These are screenshots of the working app below:


photo 3





Below are the documents for the project including the Bill Of Materials and links for the code in GitHub:

BOM-Omar Garcia – Sheet1

BOM-Omar Garcia



Milestone 3- July 21, 2014

The video for my third and final milestone is here:

In this final video, I explain the working chess clock app. This app builds upon the Pebble-Timer app I showed in the last milestone. When you look at the code, you’ll see that most of the code has been duplicated in some sections and adapted for two timers.

When the app opens, it will already be in settings to set the amount of time each player has using the up and down buttons. Pressing the select button in settings allows the user to cycle through the hours, minutes, and seconds. Pressing and holding the button while in settings will start the clock with white counting down first since white goes first in chess. Switching timers is done by pressing the up or down buttons, and pressing the select button while the timers are counting down will bring the clock back to settings. When one of the timers count down to zero, the watch will vibrate. As usual the code for the app is below and github at:


Milestone 2- July 21, 2014

The video for my second milestone is here:

In it I explain the second app I worked on called Pebble Timer. I used an existing app, but it didn’t work when I put it on Cloudpebble. It took some tinkering, but I got it to work. The app runs like a normal timer and vibrates when time is up. The code for the timer app is below as well as github:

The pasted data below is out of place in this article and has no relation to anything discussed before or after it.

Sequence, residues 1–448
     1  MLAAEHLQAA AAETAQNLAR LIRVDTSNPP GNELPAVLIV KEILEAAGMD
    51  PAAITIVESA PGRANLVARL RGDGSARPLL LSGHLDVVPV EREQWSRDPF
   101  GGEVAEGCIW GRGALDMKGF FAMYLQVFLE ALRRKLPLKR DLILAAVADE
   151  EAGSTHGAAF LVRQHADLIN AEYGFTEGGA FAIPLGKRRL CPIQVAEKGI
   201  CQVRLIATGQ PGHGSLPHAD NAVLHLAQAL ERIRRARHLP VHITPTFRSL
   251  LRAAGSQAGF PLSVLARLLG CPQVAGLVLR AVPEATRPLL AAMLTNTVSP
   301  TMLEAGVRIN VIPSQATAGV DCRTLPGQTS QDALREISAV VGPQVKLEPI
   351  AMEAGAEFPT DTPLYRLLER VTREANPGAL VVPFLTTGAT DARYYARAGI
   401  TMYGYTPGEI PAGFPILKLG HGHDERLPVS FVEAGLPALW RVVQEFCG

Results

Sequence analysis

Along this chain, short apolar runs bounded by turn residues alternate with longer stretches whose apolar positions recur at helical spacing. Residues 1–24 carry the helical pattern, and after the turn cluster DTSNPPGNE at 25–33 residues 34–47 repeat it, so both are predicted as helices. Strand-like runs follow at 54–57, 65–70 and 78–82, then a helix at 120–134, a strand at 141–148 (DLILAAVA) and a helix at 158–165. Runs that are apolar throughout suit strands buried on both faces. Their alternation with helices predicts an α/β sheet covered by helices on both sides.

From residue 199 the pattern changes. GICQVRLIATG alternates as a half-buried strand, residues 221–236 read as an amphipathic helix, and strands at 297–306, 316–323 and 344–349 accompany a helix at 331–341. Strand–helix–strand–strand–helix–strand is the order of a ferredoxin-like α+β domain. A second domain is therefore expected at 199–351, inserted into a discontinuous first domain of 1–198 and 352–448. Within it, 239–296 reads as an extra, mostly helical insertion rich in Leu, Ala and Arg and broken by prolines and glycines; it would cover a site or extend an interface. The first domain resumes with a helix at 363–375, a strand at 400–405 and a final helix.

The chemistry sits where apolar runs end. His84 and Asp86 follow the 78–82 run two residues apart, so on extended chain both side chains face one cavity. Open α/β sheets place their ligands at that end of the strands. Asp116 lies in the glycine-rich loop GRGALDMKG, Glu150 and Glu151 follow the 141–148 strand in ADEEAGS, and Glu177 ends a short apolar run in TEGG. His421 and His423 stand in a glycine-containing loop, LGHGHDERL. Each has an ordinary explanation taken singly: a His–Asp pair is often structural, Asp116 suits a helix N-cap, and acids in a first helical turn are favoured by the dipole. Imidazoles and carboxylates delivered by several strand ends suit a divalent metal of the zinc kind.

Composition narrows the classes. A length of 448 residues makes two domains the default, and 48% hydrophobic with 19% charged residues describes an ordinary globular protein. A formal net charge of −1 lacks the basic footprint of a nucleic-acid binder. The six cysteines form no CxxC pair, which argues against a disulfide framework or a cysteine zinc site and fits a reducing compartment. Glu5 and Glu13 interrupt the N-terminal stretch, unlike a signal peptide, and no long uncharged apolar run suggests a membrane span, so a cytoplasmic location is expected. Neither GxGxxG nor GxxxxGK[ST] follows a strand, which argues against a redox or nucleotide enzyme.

Milestone 1- June 27, 2014

The video for my first milestone is here:

In it I explian the first app I made called Hello World which is based on C. The app contains the message “Hi, I’m a Pebble. This is the first milestone for this project!” with the first sentence later changed to say “Hello World”. The code for my message is below as well as github:

#include <pebble.h>
Window *window;
TextLayer *text_layer;
InverterLayer *inverter_layer;
void handle_init(void) {
// Create a window and text layer
window = window_create();
text_layer = text_layer_create(GRect(0, 0, 144, 154));
// Set the text, font, and text alignment
text_layer_set_text(text_layer, "Hello World. This is the first milestone in this project!");
text_layer_set_font(text_layer, fonts_get_system_font(FONT_KEY_GOTHIC_28));
text_layer_set_text_alignment(text_layer, GTextAlignmentCenter);
// Add the text layer to the window
layer_add_child(window_get_root_layer(window), text_layer_get_layer(text_layer));
inverter_layer = inverter_layer_create(GRect(0, 0, 144, 168));
layer_add_child(window_get_root_layer(window), inverter_layer_get_layer(inverter_layer));
// Push the window
window_stack_push(window, true);
// App Logging!
APP_LOG(APP_LOG_LEVEL_DEBUG, "Just pushed a window!");
void handle_deinit(void) {
// Destroy the text layer
// Destroy the window
int main(void) {


The Pebble Timer is was actually taken from another user on Github and was used as a template to begin programming and adapting it to be a chess clock.